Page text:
Cavaliers 106, Hawks 97

James had 38 points, nine rebounds and six assists as the Cleveland Cavaliers won their third straight game, 106-97 on Wednesday night.

The Cavaliers were winning 94-93 with 3:17 left when Donyell Marshall hit a 3-pointer that started a 12-4 run that ended the game. Marshall, who buried another 3 with 58.1 seconds remaining for a 104-95 lead.

James hit 15 of 20 free-throw attempts, compared to 16 of 22 for the Hawks. He scored on consecutive possessions early in the fourth, the second of which came on a 3-pointer from the top of the key for a 92-86 lead.

“Coming off a back-to-back, with a big win last night against Indiana, it would have been easy for us to not bring intensity,” James said. “Early on, our team didn’t have intensity. I saw that and I had to pretty much take over matters. I’ve been able to take my team on my back.”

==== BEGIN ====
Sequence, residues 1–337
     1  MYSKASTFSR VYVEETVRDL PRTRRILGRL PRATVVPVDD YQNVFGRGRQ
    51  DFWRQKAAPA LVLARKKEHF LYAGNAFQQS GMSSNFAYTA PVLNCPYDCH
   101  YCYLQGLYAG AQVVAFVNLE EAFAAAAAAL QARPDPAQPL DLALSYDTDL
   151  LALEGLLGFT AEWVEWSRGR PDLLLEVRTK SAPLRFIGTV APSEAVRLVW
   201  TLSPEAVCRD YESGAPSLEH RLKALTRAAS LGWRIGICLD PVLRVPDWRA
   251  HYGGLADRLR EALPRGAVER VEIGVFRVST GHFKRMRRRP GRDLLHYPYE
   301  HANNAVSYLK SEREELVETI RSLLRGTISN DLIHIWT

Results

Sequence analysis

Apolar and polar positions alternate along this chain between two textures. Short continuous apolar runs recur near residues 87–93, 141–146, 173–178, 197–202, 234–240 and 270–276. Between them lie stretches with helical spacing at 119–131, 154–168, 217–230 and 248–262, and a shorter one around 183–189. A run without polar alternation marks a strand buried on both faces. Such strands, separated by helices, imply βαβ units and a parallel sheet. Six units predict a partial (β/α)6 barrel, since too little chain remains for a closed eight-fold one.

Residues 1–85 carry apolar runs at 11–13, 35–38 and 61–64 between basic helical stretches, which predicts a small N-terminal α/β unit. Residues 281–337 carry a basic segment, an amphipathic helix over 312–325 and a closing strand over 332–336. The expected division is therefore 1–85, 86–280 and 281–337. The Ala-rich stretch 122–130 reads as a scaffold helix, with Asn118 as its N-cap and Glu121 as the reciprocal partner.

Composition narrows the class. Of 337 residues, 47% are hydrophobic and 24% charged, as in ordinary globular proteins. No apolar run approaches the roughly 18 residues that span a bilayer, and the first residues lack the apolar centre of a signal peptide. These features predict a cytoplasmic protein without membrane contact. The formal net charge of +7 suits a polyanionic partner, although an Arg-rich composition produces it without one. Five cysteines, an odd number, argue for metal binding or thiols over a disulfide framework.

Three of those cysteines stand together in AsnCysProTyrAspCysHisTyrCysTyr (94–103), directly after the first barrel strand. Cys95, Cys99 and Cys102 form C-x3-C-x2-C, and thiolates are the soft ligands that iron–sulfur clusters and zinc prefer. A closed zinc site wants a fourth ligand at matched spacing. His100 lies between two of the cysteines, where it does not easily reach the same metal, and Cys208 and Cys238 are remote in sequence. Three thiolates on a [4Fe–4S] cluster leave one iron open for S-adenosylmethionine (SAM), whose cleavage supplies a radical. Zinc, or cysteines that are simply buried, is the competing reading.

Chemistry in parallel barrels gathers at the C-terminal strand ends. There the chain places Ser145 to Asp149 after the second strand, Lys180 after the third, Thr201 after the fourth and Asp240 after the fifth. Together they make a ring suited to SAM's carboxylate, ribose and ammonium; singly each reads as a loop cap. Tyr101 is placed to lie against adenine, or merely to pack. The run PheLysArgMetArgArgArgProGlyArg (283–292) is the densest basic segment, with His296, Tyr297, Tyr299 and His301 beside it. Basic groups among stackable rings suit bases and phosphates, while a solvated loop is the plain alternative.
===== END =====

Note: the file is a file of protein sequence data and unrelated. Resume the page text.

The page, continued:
Joe Johnson scored 24 points and Al Harrington added 22 for the Hawks, who have lost seven of their last nine.

Drew Gooden finished with 14 rebounds.

Cleveland outscored Atlanta 23-8 on fastbreak points, including a layup by James that cut the Hawks’ lead to 82-80 with 10:25 left in the game.

James had two of his three steals in the fourth.

Each of Marshall’s four field goals was a 3-pointer. He attempted six shots beyond the arc, eight overall.

Zydrunas Ilgauskas scored 16 of his 18 points in the first half for Cleveland

Cleveland improved to 8-1 in its last nine meetings with Atlanta, including four straight wins at Philips Arena.

Eric Snow had a game-high eight assists.

The Cavs entered with a league-best .417 opponents’ field-goal percentage since Jan. 15, but the Hawks shot 50.7 percent.

LeBron James didn’t appreciate a fan’s attempt to disrupt his concentration with a laser pointer.

“Those things can damage your eyes something bad,” James said. “I was standing at the foul line in the fourth quarter when the ref noticed a red dot near my forehead. That’s pretty serious.”

Donyell Marshall also complained to the officiating crew about the laser light as he stood at the foul line with 9:49 remaining.

“They were more when we were shooting our free throws,” Marshall said. “I couldn’t really tell when I was shooting my jump shots.”